"Gary Hamel on Enterprise 2.0 and the Post-Establishment Age" by Hutch Carpenter:
The point Gary Hamel drives home is that our business and economic environment has irrevocably shifted toward higher volatility and accelerated change. The sundering of companies from healthy industry positions to crisis mode in relatively short order demonstrates the need for updating management philosophies.What can modern companies do to manage in this new environment?Gary Hamel prescribes two strategies for companies in the post-establishment age:
- Increased organizational adaptability
- Pushing innovation and decision-making out to employeesAdaptability is a critical strategy. It means that companies pivot as they learn new information about their markets, competitors and changes in customer behaviors.The cornerstones of Enterprise 2.0 include greater information visibility, tapping the emergent knowledge of employees and increased collaboration. Those are the foundational elements. Use them to create a company of higher adaptability and distributed innovation and decision-making.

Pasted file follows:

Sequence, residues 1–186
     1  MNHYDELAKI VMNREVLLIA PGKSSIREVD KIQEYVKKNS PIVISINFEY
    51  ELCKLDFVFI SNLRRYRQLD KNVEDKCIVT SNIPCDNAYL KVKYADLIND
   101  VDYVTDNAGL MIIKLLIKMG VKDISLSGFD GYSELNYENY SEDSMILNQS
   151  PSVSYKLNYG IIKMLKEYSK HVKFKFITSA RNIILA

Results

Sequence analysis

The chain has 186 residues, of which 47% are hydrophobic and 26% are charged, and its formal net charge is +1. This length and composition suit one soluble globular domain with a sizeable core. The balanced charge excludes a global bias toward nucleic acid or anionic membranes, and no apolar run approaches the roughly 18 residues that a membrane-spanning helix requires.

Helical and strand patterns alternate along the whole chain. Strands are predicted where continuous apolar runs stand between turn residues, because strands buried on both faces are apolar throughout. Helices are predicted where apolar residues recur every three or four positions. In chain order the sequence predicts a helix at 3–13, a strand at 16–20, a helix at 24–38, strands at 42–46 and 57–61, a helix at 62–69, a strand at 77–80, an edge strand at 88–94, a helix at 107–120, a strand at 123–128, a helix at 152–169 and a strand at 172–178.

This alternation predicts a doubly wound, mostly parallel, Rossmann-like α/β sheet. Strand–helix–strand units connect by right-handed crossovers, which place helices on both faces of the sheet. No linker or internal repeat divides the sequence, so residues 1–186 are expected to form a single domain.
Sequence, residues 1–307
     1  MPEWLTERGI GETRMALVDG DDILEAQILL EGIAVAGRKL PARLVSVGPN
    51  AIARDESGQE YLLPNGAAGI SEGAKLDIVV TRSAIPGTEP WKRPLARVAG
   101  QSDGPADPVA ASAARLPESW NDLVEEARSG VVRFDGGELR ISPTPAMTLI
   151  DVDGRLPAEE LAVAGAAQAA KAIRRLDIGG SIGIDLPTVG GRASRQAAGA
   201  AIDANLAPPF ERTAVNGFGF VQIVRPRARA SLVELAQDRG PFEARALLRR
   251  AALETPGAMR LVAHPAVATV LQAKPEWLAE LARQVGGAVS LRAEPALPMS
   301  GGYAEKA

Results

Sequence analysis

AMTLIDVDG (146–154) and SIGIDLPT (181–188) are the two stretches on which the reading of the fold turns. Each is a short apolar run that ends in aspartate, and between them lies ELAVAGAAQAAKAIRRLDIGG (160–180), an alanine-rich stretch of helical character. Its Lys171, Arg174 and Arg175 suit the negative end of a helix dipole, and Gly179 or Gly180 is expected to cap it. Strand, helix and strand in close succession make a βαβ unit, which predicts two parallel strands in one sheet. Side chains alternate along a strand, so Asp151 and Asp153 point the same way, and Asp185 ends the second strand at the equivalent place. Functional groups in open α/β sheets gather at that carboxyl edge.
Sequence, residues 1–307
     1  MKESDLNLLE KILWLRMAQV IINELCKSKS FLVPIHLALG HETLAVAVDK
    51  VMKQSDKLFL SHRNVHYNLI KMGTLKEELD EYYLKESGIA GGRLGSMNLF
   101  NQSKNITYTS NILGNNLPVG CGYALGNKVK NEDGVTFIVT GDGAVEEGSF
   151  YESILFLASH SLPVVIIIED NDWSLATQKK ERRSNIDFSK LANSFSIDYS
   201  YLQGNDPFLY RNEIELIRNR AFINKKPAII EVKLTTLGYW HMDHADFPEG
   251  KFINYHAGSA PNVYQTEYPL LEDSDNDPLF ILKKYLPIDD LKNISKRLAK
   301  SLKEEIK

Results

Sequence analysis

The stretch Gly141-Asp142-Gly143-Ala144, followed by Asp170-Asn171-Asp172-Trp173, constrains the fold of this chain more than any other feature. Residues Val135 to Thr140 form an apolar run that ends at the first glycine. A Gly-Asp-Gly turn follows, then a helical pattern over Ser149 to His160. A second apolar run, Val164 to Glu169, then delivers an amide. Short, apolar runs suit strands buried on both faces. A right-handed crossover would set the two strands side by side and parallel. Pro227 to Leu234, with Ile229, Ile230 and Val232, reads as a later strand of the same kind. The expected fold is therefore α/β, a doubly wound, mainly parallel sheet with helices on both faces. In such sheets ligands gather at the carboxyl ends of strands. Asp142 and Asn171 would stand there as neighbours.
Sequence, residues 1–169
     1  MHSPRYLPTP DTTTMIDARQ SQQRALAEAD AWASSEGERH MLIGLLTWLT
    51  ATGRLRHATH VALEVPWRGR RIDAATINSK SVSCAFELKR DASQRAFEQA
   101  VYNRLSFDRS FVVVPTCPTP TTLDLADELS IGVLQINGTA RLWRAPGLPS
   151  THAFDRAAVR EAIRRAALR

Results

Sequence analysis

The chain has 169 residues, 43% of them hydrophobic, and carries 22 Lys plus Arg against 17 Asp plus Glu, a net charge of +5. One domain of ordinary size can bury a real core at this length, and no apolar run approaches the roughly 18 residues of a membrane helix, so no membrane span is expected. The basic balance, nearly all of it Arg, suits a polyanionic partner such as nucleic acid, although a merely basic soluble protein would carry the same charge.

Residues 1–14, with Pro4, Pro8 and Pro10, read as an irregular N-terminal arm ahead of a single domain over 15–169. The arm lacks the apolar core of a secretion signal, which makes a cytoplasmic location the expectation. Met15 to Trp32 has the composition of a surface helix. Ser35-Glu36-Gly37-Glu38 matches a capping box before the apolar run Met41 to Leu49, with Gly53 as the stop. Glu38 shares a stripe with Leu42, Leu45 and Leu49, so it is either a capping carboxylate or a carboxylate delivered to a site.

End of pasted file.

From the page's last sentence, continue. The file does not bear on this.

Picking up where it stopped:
"IT Security: Context is King" by Oliver Marks:
One of the big blockers for enterprise collaboration uptake is ediscovery and compliance - and depending on the business entity the familiarity, processes and confidence in dealing with legal issues.A fundamental point in the Information Week report is that security starts with policy, people and processes. Get this right and the long tail of disasters will shrink significantly, and also help broader solutions to be applied in context and not as a band aid. Applying team thinking around strategy and tactics will ultimately result in overall victory through a cohesive collaborative network approach which embraces all of the above in a balanced in-context, holistic way.
"Proofpoint: Email Still #1 Source of Corporate Data Leaks" by Stewart Mader:
Marisa Taylor writes in the Wall Street Journal that email is still the number one source for leaks of sensitive information, according to a new survey:"In a survey of some 220 companies, Proofpoint found that email is still the No. 1 offender when it comes to data leaks. About 43% of respondents had investigated an email-based security breach during the past year. Nearly one-third of the companies surveyed had fired an employee for violating email confidentiality policies, a 26 percent increase from 2008."This just furthers the argument for sensitive information to be housed in a wiki where the appropriate people can be given access permissions, and greater effort is required to either intentionally or accidentally leak information.